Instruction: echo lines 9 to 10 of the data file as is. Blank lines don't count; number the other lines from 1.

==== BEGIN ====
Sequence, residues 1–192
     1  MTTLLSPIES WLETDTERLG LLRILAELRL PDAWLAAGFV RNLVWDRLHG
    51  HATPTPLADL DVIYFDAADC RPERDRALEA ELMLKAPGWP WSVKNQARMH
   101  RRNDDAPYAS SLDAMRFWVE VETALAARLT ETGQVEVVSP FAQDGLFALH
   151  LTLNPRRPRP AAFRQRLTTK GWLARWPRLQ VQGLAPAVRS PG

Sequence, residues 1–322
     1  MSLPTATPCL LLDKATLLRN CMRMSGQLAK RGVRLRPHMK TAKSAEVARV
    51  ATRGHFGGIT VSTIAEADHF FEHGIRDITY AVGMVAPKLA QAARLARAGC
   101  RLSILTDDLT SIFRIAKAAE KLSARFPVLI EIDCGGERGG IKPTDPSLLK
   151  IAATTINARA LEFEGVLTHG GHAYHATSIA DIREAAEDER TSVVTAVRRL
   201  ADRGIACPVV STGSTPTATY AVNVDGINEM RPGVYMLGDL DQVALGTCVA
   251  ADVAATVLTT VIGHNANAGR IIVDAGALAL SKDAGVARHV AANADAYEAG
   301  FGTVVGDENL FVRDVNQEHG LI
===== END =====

   101  RLSILTDDLT SIFRIAKAAE KLSARFPVLI EIDCGGERGG IKPTDPSLLK
   151  IAATTINARA LEFEGVLTHG GHAYHATSIA DIREAAEDER TSVVTAVRRL